too shall pass” is great wisdom about life’s ebb and flow. How to apply it: When
you are on a down swing, know that things will get better. Think of the good times
that are coming.

6. The Law of Gestation

The Law of Gestation states that everything takes time to manifest. All things have
a beginning and grow into form as more energy is added to it. Thoughts are like
seeds planted in our fertile minds that bloom into our physical experience if we
have nourished them. How to apply it: Stay focused and know that your goals will
become reality when the time is right.

7. The Law of Transmutation

The Law of Transmutation states that energy moves in and out of physical form. Your
thoughts are creative energy. The more you focus your thinking on what you desire,
the more you harness your creative power to move that energy into results in your
life. The Universe organizes itself according to your thoughts. How to apply it:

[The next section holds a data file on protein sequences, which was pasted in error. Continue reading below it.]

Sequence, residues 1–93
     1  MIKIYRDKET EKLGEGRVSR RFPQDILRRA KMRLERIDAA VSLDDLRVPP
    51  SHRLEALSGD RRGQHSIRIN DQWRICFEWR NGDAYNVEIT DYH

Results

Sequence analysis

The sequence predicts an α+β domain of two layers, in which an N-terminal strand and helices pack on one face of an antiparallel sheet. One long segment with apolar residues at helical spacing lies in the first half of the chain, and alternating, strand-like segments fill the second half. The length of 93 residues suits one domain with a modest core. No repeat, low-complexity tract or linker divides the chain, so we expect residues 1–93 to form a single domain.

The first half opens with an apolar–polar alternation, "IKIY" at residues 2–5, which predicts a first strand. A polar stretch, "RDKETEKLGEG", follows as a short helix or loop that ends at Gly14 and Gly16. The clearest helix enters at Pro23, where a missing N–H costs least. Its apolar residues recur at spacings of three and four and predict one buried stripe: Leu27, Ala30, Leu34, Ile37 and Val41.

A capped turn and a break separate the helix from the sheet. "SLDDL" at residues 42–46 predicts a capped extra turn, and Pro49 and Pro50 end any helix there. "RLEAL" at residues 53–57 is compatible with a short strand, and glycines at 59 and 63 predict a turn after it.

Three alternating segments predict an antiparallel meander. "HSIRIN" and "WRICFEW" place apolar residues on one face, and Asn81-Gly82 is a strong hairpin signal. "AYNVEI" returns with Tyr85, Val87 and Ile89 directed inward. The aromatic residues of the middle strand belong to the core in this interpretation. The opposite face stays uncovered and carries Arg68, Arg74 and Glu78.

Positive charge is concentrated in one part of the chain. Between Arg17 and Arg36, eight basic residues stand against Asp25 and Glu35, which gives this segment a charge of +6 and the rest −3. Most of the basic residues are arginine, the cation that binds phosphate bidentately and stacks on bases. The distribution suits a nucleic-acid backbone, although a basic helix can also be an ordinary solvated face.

Put your energy and effort, your thoughts and actions into attracting what you
desire, and you will surely attract the physical manifestation of that energy.

The 7 Natural Laws of the Universe are working with you and for you. Take charge
of your life by focusing on what you want, and by law, you will have it.

The 7 Natural Laws of the Universe




Aquinas on natural law

Internet Encyclopedia of Philosophy Entry 'Natural Law

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Law of Nature

The Laws of Nature

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Natural Law

Natural Law explained, evaluated and applied

Natural Law Theories

The Natural Law Tradition in Ethics